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Reading Accounting and Bookkeeping Reports

By Satish Patel

July 27, 2016 0 Comments
Reading Accounting and Bookkeeping Reports

Accounting and bookkeeping functions play a large role in deciding the financial viability of a business.

In the case of the small or mid-size company, this holds all the more true. When every little decision and operation is determined based on budget, it makes sense to understand whether all your hard-earned money is allocated correctly.

In a typical small-sized business, the focus is concentrated on fulfilling client requirements and meeting deliverables. Manpower is often limited, with one individual managing multiple responsibilities. Opportunities for error in such situations increases, and therefore so does the significance of understanding your finances and correctly reading reports. Financial reports have a significant bearing on the future of your company. The golden rule for all small businesses remains constant: if you are not adept at financial reporting or uncertain about how to read them, hire professionals for conducting accounting-related work instead of trying to do it yourself.

However, if you do choose to review them yourself, there are several key elements that you should evaluate when reading them.

Income Statement

Your income statement will reflect your profits and losses. This is performed via columns on revenue and expenses. A summary of your revenue compared against the expenses incurred will indicate whether your business is performing well or not. The income statement typically reflects the growth or reduction in a company’s assets over the accounting period which could be a single month, several months, or one year.

The income statement is also a comparative document for evaluating how your company has fared previously. It contains other factors such as net sales, gross income, operating income, operating expense, taxes, etc. When you read income statements for consecutive years side by side, you can calculate the percentage change in your company’s net sales, operating expenses, and operating income. This helps you establish a budget and to decide where you need to reduce expenses and allocate additional funding.

Balance Sheet

The balance sheet lists the company’s assets, liabilities, and owner’s equity. The owner’s equity is the difference between the assets and the liabilities. The balance sheet is also an indicator of your company’s financial health. When you evaluate a balance sheet, you should be able to assess whether your debt is in control.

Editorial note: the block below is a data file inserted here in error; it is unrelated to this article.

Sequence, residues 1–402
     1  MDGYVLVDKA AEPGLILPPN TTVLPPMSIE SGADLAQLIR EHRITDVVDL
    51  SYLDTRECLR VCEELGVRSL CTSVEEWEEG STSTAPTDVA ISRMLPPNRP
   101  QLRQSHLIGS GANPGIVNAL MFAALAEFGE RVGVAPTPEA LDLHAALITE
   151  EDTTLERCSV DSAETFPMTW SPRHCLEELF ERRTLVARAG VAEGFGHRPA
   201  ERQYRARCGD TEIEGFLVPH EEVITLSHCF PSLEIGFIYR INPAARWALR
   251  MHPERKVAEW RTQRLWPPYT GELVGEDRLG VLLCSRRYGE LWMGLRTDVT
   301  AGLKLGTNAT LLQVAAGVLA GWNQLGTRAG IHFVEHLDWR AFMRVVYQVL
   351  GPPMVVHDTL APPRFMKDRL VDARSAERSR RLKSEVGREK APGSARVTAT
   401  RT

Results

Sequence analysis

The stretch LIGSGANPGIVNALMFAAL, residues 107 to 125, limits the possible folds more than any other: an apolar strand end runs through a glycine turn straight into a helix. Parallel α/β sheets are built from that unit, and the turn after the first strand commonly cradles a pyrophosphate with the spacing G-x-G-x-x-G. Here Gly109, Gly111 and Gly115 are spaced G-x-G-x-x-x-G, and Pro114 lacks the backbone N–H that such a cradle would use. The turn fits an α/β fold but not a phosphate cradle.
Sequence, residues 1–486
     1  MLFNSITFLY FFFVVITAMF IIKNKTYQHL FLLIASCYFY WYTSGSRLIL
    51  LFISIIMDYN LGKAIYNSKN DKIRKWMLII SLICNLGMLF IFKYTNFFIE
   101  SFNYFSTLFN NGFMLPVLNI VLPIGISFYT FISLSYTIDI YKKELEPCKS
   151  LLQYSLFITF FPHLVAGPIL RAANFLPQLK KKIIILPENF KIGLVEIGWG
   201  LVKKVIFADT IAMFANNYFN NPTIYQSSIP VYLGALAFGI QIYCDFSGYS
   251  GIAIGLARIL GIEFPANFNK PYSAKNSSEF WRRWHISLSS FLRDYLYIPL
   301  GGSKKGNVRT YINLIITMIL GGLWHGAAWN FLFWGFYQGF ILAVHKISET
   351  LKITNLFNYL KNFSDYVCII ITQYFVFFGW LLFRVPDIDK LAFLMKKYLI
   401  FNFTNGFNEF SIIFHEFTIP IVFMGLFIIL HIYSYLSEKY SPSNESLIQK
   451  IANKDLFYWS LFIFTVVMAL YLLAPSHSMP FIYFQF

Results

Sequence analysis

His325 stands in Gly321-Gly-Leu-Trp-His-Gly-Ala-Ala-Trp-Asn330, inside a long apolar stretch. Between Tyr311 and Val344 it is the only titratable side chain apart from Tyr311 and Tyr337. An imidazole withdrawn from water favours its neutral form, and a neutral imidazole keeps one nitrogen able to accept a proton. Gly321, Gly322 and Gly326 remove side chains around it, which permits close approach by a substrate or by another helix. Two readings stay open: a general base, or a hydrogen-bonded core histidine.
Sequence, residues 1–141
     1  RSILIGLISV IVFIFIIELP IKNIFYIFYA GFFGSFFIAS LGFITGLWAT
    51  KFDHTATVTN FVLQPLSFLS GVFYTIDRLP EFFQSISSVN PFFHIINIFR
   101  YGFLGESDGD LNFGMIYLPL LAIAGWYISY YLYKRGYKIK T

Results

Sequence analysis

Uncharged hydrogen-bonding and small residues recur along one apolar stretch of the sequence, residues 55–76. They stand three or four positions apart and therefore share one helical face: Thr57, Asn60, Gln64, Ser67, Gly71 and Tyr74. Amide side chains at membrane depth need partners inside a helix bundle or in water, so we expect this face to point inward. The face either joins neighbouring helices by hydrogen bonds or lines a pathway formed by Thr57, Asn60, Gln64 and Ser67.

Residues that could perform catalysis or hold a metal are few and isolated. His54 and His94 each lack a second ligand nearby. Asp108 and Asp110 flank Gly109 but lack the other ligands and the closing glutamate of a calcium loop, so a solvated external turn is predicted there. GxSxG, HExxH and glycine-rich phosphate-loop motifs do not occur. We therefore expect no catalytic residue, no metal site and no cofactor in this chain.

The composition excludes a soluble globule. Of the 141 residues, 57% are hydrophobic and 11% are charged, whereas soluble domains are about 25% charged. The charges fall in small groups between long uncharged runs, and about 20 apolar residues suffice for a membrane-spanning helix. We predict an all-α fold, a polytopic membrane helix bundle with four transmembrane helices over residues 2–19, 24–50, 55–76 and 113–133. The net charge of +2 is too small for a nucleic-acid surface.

Elements of a balance sheet include:

Assets: Assets are what the company owns, which may include movable and immovable properties, such as land or machinery equipment. There are two kinds of assets- current and fixed. Current assets are converted into money within a period of one year, while fixed assets refer to property that generates income and are not expected to be sold within a year.

Liabilities: Balance sheets also list liabilities which are debts owned by the company. These are categorized into current liabilities, those that need to be paid off within one year, and long-term liabilities, those that are not bound by the 1-year limit.

Owner’s Equity: Once there are funds invested into a business, it is viewed as a sum of assets and liabilities. A business must be funded to make it operational before it can start acquiring assets. The owner’s equity is the value that remains in a business after removing the liabilities from the assets.

Statement of Cash Flow

How does your company use its cash? Your cash flow statement will provide you the answer to this question. Cash flow statements assign cash expenses within a specified accounting period to one of three categories-, Operations, Financing, and Investing. These are then added to determine a figure which is further tallied with cash reserves in the beginning of the accounting period. Examples of elements within a statement of cash flow can include cash given to employees (operative expense), cash allocated to purchasing machinery or equipment (investing), and cash provided by owner (financing).

All business owners should have a thorough understanding of what these statements mean in determining the success of their company.

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